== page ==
Christine O'Donnell Rides Wave of Cash to Washington, Brings Debate on Conservative Sexual Values

The Delaware GOP senate candidate comes to Washington for Values Voters summitt.

September 16, 2010, 5:17 PM

WASHINGTON, Sept. 17, 2010— -- Fresh off her stunning victory in Delaware, GOP U.S. Senate candidate Christine O'Donnell will be in Washington Friday, riding a tidal wave of campaign cash and sudden big buzz about her sexual values.

O'Donnell will attend the conservative Family Research Council's "Values Voters Summit" where she'll speak on a panel with former GOP Sen. Rick Santorum of Pennsylvania and American Values president Gary Bauer. The group opposes pre-marital sex, homosexuality and abortion.

O'Donnell's outspokenness on conservative social values, particularly her support for abstinence and opposition to the use of condoms and masturbation, has set her apart from many prominent Tea Party candidates, who've primarily focused on economic issues.

O'Donnell told TV talk show host Phil Donahue in 2002 that "condoms will not protect you from AIDS." And in a 2006 appearance on "The O'Reilly Factor" she said efforts to promote condom use are "anti-human."

She's also received new attention for comments she made in 1996 on MTV's "Sex in the '90s" in which she likened masturbation and pornography to adultery.

At a debate in Delaware Thursday night, O'Donnell sought to reassure voters that her views are in the mainstream. "I was in my twenties and very excited and passionate about my newfound faith," she said of the 1996 comments. "But I assure you my faith has matured, and when I get to Washington, D.C., it will be the Constitution on which I base all of my decisions."

But the national spotlight, however unflattering, has given O'Donnell an impressive boost in support from conservatives around the country, leading to an incredible influx of campaign cash in less than 48 hours after defeating moderate Republican Mike Castle.

O'Donnell has raised close to $1 million in campaign funds online and won a financial pledge from the National Republican Senatorial Committee of $42,000, the maximum allowed. Aides say the cash keeps coming in.

O'Donnell appeared on all major TV network morning show programs on Wednesday, and has used attacks by her opponents, including Republican strategist Karl Rove, to win sympathy in many conservative circles.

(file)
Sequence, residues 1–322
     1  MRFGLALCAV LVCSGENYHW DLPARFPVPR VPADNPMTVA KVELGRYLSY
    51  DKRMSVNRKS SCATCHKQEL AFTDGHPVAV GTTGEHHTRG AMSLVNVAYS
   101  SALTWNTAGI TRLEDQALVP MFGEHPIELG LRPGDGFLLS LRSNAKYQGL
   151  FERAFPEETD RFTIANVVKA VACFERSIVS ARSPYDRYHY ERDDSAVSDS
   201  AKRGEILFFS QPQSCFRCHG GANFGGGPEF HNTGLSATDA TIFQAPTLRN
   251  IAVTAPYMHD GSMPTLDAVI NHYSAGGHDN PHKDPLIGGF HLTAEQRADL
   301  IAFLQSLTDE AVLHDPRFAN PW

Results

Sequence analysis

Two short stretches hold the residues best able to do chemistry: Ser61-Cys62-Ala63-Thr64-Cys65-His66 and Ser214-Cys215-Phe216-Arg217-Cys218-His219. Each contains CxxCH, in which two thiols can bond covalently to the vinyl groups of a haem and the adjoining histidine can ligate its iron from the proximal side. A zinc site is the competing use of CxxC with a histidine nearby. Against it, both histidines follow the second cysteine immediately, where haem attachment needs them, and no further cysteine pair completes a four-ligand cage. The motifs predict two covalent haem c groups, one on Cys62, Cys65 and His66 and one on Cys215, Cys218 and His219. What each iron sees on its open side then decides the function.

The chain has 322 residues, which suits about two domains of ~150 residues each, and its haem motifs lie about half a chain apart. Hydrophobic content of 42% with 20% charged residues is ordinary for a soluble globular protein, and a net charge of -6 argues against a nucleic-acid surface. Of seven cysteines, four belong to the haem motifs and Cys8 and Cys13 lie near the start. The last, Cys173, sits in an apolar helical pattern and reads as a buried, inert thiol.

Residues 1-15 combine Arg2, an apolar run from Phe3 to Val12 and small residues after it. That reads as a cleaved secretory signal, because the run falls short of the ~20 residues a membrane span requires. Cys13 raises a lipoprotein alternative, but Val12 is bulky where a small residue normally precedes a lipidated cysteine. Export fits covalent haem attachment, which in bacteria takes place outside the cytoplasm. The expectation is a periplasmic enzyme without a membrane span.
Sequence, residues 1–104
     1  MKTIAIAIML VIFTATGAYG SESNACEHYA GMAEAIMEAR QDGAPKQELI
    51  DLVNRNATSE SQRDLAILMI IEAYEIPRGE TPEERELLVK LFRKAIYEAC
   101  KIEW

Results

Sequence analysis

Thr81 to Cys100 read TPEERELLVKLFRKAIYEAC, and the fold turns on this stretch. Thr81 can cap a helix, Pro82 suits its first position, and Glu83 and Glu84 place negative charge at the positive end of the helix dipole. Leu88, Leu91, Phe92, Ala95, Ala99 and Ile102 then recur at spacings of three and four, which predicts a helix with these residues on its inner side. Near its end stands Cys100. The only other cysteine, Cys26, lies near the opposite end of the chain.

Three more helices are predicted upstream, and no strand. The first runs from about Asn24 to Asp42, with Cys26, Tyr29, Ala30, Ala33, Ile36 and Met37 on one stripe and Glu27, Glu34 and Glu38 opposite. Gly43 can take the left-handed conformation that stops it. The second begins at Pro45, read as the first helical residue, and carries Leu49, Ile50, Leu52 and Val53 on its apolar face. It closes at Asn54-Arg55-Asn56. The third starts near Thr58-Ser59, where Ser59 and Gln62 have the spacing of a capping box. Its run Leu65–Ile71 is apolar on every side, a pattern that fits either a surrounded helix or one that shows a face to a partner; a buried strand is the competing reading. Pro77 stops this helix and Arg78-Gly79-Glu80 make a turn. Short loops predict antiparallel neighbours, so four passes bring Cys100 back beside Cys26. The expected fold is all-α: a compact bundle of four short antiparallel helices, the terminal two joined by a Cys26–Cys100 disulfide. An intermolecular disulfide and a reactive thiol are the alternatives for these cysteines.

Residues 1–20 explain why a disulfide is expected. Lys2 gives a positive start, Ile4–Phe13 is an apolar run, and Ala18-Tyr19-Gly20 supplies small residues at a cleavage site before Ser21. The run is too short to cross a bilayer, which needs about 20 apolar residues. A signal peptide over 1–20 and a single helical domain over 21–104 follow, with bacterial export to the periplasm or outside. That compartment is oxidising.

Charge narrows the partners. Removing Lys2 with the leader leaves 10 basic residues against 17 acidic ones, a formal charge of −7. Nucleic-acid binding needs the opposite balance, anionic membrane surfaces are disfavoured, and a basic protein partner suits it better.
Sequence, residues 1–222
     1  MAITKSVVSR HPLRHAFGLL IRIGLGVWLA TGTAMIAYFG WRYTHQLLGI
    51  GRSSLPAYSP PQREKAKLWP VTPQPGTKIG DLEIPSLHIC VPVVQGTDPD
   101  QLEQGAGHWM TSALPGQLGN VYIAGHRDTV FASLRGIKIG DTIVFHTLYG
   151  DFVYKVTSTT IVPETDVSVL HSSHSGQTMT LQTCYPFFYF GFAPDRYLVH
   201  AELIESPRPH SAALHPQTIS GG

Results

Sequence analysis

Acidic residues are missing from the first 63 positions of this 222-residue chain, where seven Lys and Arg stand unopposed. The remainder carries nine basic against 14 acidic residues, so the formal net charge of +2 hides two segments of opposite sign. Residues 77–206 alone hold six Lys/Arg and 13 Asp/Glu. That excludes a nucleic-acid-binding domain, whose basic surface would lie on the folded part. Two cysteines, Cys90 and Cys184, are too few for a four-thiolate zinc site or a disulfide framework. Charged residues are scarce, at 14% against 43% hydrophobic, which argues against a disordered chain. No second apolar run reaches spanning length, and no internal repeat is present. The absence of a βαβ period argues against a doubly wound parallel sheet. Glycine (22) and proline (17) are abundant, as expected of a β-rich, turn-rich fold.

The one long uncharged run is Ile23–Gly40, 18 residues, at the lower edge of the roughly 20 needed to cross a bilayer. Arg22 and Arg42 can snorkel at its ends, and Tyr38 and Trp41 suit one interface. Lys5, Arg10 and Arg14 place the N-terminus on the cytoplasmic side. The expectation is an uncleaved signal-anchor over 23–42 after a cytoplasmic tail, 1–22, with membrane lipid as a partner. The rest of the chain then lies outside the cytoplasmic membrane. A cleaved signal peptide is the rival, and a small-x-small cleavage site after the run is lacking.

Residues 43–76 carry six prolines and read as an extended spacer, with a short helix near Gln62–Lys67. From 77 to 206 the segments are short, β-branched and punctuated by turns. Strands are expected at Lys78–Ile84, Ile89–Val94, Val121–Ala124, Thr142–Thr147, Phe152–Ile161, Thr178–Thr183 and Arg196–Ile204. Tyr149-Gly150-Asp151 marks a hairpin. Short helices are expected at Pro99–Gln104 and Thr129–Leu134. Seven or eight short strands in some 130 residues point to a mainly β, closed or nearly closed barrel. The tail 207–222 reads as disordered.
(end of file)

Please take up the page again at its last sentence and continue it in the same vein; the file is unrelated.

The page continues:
"We didn't raise anything like that overnight," said Randy Desoto, spokesman for Alaska GOP senate nominee Joe Miller, who delivered a similar blow to the party establishment three weeks earlier by defeating incumbent Sen. Lisa Murkowski. "We haven't even raised a million dollars."

O'Donnell Rakes in Campaign Cash

During her primary campaign, O'Donnell collected just over $376,000, according to Federal Election Commission data analyzed by the Center for Responsive Politics. She had just $20,374 left in the bank as of Tuesday.

But now the sudden flood of funds into her campaign coffers puts her on course to compete at least even-handedly with Democrat Chris Coons, who's raised over $1.6 million.

The news appeared to have Democrats scrambling Thursday with the White House dispatching Vice President Joe Biden to Delaware to campaign for Coons, who's been the early favorite in the race.

Coons and O'Donnell are vying for the senate seat Biden held for 36 years. If O'Donnell were to win the seat it would be a huge victory for Republicans who are trying to regain a majority in the Senate.

Meanwhile, President Obama also hit the campaign trail Thursday night in another very blue state, Connecticut, to help fundraise for Democratic U.S. Senate candidate Attorney General Richard Blumenthal.

Tightening polls there and the extensive campaign war chest of Republican candidate and former World Wrestling Entertainment CEO Linda McMahon have made the race appear increasingly a toss up.

Obama's fundraising in Connecticut was expected to raise $400,000 for the Blumenthal campaign and state party. But as Democrats consider their "political firewall" strategy, there is no denying that trend lines in Connecticut and Delaware are looking more challenging for Democrats.

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